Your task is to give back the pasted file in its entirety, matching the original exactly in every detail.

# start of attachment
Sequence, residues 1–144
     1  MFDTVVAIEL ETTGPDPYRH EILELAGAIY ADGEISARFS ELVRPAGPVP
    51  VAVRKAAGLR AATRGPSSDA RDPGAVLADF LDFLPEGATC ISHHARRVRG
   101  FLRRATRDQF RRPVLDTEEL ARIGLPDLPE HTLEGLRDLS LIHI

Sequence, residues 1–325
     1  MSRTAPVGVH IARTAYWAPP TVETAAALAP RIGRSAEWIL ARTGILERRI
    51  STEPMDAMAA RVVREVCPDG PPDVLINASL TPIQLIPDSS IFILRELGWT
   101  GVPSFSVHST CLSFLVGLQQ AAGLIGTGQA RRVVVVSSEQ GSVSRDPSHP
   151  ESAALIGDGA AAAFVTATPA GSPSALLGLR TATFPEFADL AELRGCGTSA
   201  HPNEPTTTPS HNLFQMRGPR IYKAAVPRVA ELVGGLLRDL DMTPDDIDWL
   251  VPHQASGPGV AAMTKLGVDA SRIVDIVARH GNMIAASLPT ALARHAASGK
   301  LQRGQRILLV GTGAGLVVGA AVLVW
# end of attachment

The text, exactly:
Sequence, residues 1–144
     1  MFDTVVAIEL ETTGPDPYRH EILELAGAIY ADGEISARFS ELVRPAGPVP
    51  VAVRKAAGLR AATRGPSSDA RDPGAVLADF LDFLPEGATC ISHHARRVRG
   101  FLRRATRDQF RRPVLDTEEL ARIGLPDLPE HTLEGLRDLS LIHI

Sequence, residues 1–325
     1  MSRTAPVGVH IARTAYWAPP TVETAAALAP RIGRSAEWIL ARTGILERRI
    51  STEPMDAMAA RVVREVCPDG PPDVLINASL TPIQLIPDSS IFILRELGWT
   101  GVPSFSVHST CLSFLVGLQQ AAGLIGTGQA RRVVVVSSEQ GSVSRDPSHP
   151  ESAALIGDGA AAAFVTATPA GSPSALLGLR TATFPEFADL AELRGCGTSA
   201  HPNEPTTTPS HNLFQMRGPR IYKAAVPRVA ELVGGLLRDL DMTPDDIDWL
   251  VPHQASGPGV AAMTKLGVDA SRIVDIVARH GNMIAASLPT ALARHAASGK
   301  LQRGQRILLV GTGAGLVVGA AVLVW